This title theme's construct is very slow, deliberate, and finishes with a faint hint of Western flavor, with Goldsmith utilizing a slight swing of rhythm used for stereotypical Western music during a series of notes late in the theme (to address, perhaps, the setting in Texas). Other parts of its performances, particularly on strings, foreshadow the title theme for The Edge, especially with a shared progression at the outset of the theme (but obviously the tone is much more subtle here). In the theme's extended treatment in "Theme from Powder," "Steven and the Snow," and "Everywhere," Goldsmith makes it clear that the identity for Powder is one of his least complicated of his career. It has a basic romantic element to it that will pull at the heart strings for any listener, but its string and woodwind construction doesn't consist of enough counterpoint or instrumental variety to make it a noteworthy standout in his career. The idea thus blends into the mass of Goldsmith's 90's character themes without offering anything new to interest a Goldsmith collector, outside of the simple fact that its performances in Powder are melodramatic to a fault. A secondary "discovery motif" at the outset of "Theme from Powder" and better suited for "First Kiss" shares considerable elements with Goldsmith's material for the Ba'ku in Star Trek: Insurrection. Another interesting aspect of Powder is Goldsmith's underemphasized use of his tingling, synthetic effects. These electronics were often employed by the composer to insert a sense of magic into his scores, whether it be on the human level or on a technological one (as in his science-fiction efforts). Goldsmith does insert his trademark, electronic sounds in Powder, but they lack the distinctive edge that was needed to make the magic of this story fly.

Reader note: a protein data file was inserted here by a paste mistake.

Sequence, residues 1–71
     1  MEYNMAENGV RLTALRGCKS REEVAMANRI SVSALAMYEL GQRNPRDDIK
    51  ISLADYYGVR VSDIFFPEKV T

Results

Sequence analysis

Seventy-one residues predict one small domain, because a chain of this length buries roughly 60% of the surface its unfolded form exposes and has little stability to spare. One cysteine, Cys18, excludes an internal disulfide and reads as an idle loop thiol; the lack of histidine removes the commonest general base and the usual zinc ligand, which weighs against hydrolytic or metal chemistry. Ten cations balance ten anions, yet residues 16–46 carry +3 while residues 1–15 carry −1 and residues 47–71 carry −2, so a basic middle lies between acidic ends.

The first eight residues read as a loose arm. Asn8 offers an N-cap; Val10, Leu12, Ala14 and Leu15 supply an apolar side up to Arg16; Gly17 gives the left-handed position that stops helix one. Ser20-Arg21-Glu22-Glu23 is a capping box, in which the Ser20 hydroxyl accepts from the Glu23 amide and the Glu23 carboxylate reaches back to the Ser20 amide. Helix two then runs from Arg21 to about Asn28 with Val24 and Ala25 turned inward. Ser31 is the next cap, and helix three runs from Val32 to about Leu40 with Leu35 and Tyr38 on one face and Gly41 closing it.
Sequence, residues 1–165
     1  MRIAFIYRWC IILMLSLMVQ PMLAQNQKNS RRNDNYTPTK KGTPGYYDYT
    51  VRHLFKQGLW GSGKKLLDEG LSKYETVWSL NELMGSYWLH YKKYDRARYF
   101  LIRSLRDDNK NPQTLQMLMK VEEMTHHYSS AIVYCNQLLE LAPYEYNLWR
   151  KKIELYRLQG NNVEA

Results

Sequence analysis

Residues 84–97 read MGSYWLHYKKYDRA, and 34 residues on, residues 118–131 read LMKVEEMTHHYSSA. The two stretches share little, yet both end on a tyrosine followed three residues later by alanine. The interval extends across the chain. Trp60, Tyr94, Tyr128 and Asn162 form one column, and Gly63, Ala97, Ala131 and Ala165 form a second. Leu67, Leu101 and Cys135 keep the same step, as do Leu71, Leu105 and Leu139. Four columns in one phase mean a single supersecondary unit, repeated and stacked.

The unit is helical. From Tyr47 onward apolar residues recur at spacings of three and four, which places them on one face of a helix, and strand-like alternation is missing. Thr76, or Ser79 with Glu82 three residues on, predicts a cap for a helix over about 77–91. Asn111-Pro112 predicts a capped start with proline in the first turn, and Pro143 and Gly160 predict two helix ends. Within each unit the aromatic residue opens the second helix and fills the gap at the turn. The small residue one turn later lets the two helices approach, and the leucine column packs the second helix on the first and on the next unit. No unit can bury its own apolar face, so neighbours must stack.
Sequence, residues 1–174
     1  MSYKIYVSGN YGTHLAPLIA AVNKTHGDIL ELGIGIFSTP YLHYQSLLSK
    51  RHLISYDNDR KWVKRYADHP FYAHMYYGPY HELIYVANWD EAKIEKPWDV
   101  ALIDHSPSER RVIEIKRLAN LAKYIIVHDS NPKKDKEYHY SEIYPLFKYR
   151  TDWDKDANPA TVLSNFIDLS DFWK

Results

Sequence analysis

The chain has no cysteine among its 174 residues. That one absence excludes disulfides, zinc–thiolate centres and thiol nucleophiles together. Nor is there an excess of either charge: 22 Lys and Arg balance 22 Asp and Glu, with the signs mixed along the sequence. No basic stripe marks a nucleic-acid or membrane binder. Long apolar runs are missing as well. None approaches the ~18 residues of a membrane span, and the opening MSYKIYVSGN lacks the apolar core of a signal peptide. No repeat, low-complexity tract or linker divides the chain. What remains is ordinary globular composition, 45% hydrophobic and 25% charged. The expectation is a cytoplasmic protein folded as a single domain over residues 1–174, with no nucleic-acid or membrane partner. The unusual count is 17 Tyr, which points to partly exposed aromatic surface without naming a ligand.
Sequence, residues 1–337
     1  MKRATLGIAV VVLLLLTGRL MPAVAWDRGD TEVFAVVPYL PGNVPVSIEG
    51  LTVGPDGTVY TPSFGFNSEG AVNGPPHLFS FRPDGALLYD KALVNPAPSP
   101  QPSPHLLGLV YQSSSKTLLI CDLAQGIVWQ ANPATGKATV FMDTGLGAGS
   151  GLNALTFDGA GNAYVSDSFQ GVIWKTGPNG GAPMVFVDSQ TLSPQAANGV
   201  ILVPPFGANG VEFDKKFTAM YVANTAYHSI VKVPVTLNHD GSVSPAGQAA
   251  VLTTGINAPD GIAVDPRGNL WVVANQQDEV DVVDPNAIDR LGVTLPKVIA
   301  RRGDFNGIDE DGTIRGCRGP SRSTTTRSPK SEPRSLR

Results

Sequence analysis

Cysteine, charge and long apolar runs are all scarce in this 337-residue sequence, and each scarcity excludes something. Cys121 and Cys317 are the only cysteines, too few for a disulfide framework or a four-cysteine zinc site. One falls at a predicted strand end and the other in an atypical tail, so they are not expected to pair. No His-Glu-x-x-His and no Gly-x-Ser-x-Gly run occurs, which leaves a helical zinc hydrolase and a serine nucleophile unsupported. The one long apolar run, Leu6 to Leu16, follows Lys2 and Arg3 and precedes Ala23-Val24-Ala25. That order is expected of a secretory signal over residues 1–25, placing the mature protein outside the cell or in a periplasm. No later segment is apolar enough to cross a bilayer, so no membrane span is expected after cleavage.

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For a movie involving supernatural powers and electricity, there's a distinct lack of energy in this score. This is a shame, because Goldsmith could very easily have put more of an emphasis on his spine-tingling electronics to accent the start of measures or, as he often does, ramble in the background to add another dimension to the music. That personal touch of the supernatural fails in part because Goldsmith's choice of synthesized elements: the same electronic effect that Goldsmith conjured for the opening of the Klingon battle scene in the original Star Trek: The Motion Picture (as heard here at the start of "Spoon Trick and the Trestle." As a listening experience, the score splits itself between two parts. During troubled sequences, such as the lengthy "Nightmare in the Forest" and "Freakshow," the music loses the heart that it established in the major thematic presentations. The other part consists of the slow, melodic string and woodwind cues that carry most of the rest of the underscore. These drawn-out sequences simply connect similar performances of the main theme, which come at regular intervals and never develop into anything more than a weightier statement at the end of "Everywhere." Overall, Goldsmith has written so many memorable character themes that this one fades away. Undoubtedly, Powder is easily listenable, but it doesn't have the magical touch it needs to distinguish itself above and beyond its own simplistic, pretty theme. The immense respect that many Goldsmith collectors have for Powder remains a curious fact, perhaps proving that the key to the heart of any such fan is to take a generic Goldsmith theme, tone back the complications, and pour on the syrup. That may work for some listeners, but if you expect to hear anything remotely electrical in a three-dimensional sense, you'll be disappointed. Don't believe the hype. ***   Amazon.com Price Hunt: CD or Download